Political leaders from across the Dutch political party spectrum pay respect and homage to Rutte. Far-right PVV leader, Geert Wilders thanked Rutte for his “boundless commitment”. BBB leader Caroline van der Plas said that he always worked hard. And CDA chairman Pieter Heerma said that he put “his heart and soul into the country”.

11 July
Some media outlet polls have BBB leading ahead of VVD, although at this point it’s still too early to predict the final results.

12 July
Justice Minister Dilan Yesilgöz announces that she would like to succeed Mark Rutte as VVD party leader, essentially stating her intentions to become the next Dutch Prime Minister (should the VVD win the national elections). Though there are many notable names in the VVD leadership, André Bosman is the only other serious candidate to replace Rutte.

13 July
In a shocking and sad statement, Deputy Prime Minister and leader of the centre-left D66 party Sigrid Kaag announces she will also be leaving politics after the national election, citing pressures and concerns about the safety of her family as the impetus. Earlier this year she had stated that the working environment for politicians had become “toxic” with personal threats necessitating heightened security.

Independent Member of Parliament Liane den Haan also announces departure from what she calls “’ugly’” politics.

14 July
With the announcement of Sigrid Kaag’s retirement from politics, minister of the Environment Rob Jetten officially announces his candidacy for D66 party leadership in the upcoming elections.

ChristianUnion (CU) leader and current Deputy Prime Minister and Minister for Poverty Policy Carola Schouten also announces that she will leave politics after the elections. Not giving a reason, Minister Schouten said that it was time for a new generation to lead the party and that she was excited about what the CU will bring in the future.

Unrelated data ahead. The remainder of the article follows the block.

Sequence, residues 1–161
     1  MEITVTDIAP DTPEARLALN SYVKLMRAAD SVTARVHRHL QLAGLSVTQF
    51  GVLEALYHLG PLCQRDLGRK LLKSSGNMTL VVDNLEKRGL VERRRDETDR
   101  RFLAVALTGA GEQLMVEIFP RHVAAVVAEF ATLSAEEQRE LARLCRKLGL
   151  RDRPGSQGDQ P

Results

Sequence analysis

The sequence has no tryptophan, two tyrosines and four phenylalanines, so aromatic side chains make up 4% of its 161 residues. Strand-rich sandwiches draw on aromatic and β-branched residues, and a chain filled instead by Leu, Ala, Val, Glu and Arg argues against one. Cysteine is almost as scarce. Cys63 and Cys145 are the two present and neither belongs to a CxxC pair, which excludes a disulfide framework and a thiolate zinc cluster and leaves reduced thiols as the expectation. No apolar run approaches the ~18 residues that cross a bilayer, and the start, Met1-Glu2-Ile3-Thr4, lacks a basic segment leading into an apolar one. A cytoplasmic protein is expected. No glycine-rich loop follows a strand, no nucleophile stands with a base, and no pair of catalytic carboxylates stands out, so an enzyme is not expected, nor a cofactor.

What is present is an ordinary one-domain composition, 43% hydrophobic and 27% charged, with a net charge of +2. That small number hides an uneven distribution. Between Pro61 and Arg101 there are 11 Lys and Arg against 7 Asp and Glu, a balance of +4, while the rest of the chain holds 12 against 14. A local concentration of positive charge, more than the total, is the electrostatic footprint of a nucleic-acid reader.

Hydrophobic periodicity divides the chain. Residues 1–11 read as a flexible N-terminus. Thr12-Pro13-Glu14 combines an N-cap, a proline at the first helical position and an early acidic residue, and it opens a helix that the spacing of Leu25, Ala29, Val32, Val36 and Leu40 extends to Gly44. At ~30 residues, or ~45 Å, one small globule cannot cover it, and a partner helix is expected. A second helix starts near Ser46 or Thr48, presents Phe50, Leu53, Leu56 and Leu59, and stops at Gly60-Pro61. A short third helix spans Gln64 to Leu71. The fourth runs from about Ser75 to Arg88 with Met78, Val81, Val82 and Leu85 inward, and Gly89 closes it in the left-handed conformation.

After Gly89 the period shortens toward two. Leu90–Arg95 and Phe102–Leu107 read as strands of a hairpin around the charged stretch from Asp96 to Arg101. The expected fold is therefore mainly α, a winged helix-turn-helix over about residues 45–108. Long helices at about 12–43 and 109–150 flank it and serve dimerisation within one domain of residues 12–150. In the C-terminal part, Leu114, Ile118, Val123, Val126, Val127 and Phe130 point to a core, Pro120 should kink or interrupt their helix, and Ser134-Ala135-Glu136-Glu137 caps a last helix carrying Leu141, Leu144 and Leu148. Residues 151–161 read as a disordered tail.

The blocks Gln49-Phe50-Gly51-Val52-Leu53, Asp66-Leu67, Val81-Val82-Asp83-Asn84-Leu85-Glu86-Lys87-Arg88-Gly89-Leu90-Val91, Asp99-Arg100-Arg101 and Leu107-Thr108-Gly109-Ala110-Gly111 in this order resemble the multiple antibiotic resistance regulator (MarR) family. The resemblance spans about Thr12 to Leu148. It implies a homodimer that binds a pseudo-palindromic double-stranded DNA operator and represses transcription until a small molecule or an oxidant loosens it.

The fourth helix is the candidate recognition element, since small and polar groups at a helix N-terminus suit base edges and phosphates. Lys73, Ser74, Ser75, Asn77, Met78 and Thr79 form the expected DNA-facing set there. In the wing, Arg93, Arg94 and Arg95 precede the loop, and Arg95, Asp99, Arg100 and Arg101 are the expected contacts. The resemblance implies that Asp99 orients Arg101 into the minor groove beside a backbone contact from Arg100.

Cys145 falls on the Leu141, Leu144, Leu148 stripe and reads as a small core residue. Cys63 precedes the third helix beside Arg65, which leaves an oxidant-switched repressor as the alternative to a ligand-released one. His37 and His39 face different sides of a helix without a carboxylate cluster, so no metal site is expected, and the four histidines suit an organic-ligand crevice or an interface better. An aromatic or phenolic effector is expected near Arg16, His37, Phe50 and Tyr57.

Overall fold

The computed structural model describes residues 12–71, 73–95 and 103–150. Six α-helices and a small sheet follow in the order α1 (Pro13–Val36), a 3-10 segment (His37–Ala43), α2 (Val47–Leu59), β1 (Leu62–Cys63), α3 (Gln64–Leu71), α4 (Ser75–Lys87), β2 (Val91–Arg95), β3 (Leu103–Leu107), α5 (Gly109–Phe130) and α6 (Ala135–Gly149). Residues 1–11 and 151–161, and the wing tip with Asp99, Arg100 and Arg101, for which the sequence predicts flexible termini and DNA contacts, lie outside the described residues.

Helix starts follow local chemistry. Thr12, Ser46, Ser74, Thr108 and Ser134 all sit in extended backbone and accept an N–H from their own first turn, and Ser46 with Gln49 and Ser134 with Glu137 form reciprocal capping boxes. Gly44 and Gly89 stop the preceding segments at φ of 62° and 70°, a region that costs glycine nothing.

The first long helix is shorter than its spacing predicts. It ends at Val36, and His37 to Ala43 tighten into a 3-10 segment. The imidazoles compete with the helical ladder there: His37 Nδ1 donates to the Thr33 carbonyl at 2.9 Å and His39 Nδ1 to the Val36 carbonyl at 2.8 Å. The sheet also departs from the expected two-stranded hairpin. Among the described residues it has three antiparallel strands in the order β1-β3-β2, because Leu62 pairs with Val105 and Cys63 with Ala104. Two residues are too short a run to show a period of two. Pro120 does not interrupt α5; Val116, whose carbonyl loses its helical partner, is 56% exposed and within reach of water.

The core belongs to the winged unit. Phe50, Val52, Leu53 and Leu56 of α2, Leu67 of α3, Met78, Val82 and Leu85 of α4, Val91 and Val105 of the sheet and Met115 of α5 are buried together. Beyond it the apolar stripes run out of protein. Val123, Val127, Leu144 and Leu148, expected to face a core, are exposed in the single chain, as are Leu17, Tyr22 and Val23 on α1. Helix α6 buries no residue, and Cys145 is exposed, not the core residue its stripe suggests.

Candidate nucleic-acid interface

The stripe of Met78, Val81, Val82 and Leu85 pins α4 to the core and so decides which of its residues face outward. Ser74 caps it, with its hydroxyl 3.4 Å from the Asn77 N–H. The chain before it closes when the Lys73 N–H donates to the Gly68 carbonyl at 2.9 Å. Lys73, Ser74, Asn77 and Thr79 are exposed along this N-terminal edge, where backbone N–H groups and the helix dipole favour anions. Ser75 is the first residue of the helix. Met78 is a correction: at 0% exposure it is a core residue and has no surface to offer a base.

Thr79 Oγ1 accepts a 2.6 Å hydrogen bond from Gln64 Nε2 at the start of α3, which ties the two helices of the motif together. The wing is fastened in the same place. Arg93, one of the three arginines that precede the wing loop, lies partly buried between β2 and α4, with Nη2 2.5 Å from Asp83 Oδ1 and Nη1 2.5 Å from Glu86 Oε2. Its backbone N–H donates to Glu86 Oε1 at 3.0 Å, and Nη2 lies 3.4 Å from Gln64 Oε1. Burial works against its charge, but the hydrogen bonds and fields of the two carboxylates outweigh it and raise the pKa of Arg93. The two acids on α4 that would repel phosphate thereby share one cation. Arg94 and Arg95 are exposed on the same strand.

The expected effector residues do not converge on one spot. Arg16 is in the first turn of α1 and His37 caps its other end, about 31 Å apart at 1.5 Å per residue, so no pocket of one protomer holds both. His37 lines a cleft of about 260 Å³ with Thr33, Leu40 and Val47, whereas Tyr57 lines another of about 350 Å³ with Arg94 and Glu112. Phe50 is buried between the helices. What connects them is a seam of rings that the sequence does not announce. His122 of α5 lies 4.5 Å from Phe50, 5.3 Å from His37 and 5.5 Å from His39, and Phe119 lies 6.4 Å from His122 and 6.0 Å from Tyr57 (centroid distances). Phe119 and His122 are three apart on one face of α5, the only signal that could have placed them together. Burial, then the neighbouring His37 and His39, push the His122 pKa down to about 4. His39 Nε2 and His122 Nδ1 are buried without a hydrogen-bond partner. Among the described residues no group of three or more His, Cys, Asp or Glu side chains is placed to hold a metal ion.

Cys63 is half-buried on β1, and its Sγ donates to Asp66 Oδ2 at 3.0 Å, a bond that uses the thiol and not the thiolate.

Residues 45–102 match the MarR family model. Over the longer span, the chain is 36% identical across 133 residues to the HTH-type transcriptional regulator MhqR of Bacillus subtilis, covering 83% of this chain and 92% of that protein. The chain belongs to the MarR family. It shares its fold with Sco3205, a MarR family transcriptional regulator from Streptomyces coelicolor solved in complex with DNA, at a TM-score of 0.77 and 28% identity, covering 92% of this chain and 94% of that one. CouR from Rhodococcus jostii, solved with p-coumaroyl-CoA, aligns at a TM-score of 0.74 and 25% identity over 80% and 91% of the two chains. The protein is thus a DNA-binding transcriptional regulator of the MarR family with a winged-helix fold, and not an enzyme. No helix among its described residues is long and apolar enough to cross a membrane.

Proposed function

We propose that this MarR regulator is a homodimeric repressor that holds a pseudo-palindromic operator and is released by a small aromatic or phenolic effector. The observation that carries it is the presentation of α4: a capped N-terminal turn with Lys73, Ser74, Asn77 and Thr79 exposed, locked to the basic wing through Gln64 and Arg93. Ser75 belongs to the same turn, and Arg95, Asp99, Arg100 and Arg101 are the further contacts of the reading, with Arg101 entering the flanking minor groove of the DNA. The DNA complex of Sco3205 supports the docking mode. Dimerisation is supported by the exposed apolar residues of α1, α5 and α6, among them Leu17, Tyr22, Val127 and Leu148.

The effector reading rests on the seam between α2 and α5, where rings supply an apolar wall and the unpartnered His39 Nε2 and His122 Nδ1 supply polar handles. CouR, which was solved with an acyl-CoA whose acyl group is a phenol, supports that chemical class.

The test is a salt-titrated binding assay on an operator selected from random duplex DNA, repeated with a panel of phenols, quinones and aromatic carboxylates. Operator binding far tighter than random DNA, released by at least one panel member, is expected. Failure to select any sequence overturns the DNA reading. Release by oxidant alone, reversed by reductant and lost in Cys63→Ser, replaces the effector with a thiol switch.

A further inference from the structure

17 July
André Bosman withdraws as contender to lead the VVD, leaving only Dilan Yesilgöz. Other candidates have until August of this year to submit their candidacy, but with the party leadership strongly backing Yesilgöz it seems unlikely that anyone else will challenge her bid.

Meanwhile, party members from GroenLinks and PvdA vote en masse for one joint electoral list and election program, creating a unified left-wing party. It is unsure who will lead the joint party, though GroenLinks leader Jesse Klaver announces he will not seek the top position.

18 July
Caroline van der Plas is formally nominated as BBB party leader, though she won’t say exactly what her future plans are in terms of the prime ministership.

20 July
EU climate policy chief Frans Timmermans announces his desire to become the joining PvdA-GroenLinks party leader. His candidacy receives aggressive comments by right-wing supporters on social media, highlighting again the toxic atmosphere for many politicians. Party leadership including Jesse Klaver and Rotterdam mayor Ahmed Aboutaleb support Timmermans’ ambitions.

24 July
DENK party leader Farid Azarkan and BIJ1 party leader Sylvana Simons both announce their exits from national politics.

27 July
Even though her party is expected to do very well in the November elections, BBB leader Caroline van der Plas announces that she does not want to be Prime Mnister. She adds that her party is speaking to candidates with more international experience to join the party and run for PM.

2 August
The hugely popular independent member of parliament and former CDA member Pieter Omtzigt has yet to decide on his political future. He has rejected an offer to return to the CDA and also will not join the BBB, but may instead decide to form his own political party, which is expected to attract many voters.

While the collapse of the Dutch government is not a completely unique event (it’s happened three times before with Mark Rutte’s governments), this occasion will prove to be one of the most monumental for the Netherlands. With the departure of so many party leaders, most notably, Rutte himself, the election will automatically bring in a new generation of political leaders.

Combined with the booming popularity of the right-leaning BBB party and the newly formed left-leaning party of the PvdA and GroenLinks, the election will also determine which direction the Netherlands will head into. The liberal-right party of the VVD seemed to have served as a bridge between the two more extremist parties, but with the recent shakeup in The Hague, that bridge might not be strong enough to hold the left and right wings of Dutch politics together.

Written by Marla Thomson